BEIJING, Sept. 15 (Xinhua) -- The Chinese economy will expand between 7.7 percent and 7.8 percent in 2012, surpassing the 7.5 percent growth target set earlier this year, a researcher from the country's top think tank said.
"Policymakers have taken into account the changes in the domestic and external environments when setting the growth target earlier this year," said Fan Jianping, director of the Economic Projection Department with the State Information Center, China's top think tank, in a recent interview with Xinhua.
Although China's gross domestic product has slowed for nine consecutive quarters, Fan said, the country is still capable of achieving economic growth of between 7.6 percent to 7.8 percent in the July-September period.
The Chinese economy slowed to 7.6 percent in the second quarter of this year, marking the slowest pace of growth in more than three years.
As the government has adopted a series of measures, including hastening the approval of major projects, the economy will begin stabilizing in the second half, Fan said, adding that he expects such measures to play a counter-cyclical role in stimulating the economy.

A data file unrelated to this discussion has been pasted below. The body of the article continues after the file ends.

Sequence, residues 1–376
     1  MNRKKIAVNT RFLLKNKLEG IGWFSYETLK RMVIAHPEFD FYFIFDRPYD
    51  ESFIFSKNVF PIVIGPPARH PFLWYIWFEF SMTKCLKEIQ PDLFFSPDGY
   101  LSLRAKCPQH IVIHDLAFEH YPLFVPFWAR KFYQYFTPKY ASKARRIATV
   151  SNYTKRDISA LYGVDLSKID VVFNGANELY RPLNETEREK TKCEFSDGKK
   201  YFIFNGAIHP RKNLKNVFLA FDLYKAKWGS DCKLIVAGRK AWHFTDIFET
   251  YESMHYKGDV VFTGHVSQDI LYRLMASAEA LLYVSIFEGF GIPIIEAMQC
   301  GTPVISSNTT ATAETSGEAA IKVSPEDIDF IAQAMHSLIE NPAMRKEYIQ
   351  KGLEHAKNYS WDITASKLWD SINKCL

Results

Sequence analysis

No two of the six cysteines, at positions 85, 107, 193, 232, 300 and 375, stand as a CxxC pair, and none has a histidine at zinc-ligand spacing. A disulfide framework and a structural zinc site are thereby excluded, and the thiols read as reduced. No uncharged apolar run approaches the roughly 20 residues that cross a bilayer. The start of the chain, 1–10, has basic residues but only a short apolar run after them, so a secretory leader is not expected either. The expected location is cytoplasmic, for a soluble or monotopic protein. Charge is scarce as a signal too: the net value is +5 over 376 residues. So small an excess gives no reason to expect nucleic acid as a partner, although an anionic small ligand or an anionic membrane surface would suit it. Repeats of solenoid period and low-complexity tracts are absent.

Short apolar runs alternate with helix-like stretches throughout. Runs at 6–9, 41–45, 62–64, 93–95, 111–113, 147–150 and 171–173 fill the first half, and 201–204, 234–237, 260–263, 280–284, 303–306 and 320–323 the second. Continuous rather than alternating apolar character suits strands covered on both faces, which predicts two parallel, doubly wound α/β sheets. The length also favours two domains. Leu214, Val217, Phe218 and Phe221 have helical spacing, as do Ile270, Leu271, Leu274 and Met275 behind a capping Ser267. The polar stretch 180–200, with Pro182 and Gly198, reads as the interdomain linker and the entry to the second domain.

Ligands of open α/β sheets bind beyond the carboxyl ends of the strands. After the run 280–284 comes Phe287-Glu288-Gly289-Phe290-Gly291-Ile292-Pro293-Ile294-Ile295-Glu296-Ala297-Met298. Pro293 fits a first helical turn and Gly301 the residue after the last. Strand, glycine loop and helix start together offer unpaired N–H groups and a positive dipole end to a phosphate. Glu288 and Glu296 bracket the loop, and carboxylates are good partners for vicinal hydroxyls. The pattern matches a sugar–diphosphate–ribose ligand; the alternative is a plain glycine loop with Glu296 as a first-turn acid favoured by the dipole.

He noted that the new round of macro control policies is quite different from the 4 trillion yuan (631.7 billion U.S. dollars) stimulus measures rolled out in 2009.
The prime target for the 4 trillion yuan stimulus package was to safeguard growth through proactive fiscal and monetary measures, but the new round of macro control policies has to stabilize economic growth, on the one hand, while preventing a rebound in home prices, on the other, Fan said.
"It will be a little difficult to strike a balance this time around," he said.
The researcher said he expects economic growth to remain at relatively low levels for a while, and a V-type recovery looks unlikely as policymakers have to make some progress in restructuring the economy.
"At such a stage, it won't be our best option to blindly pursue double-digit economic growth," he added.
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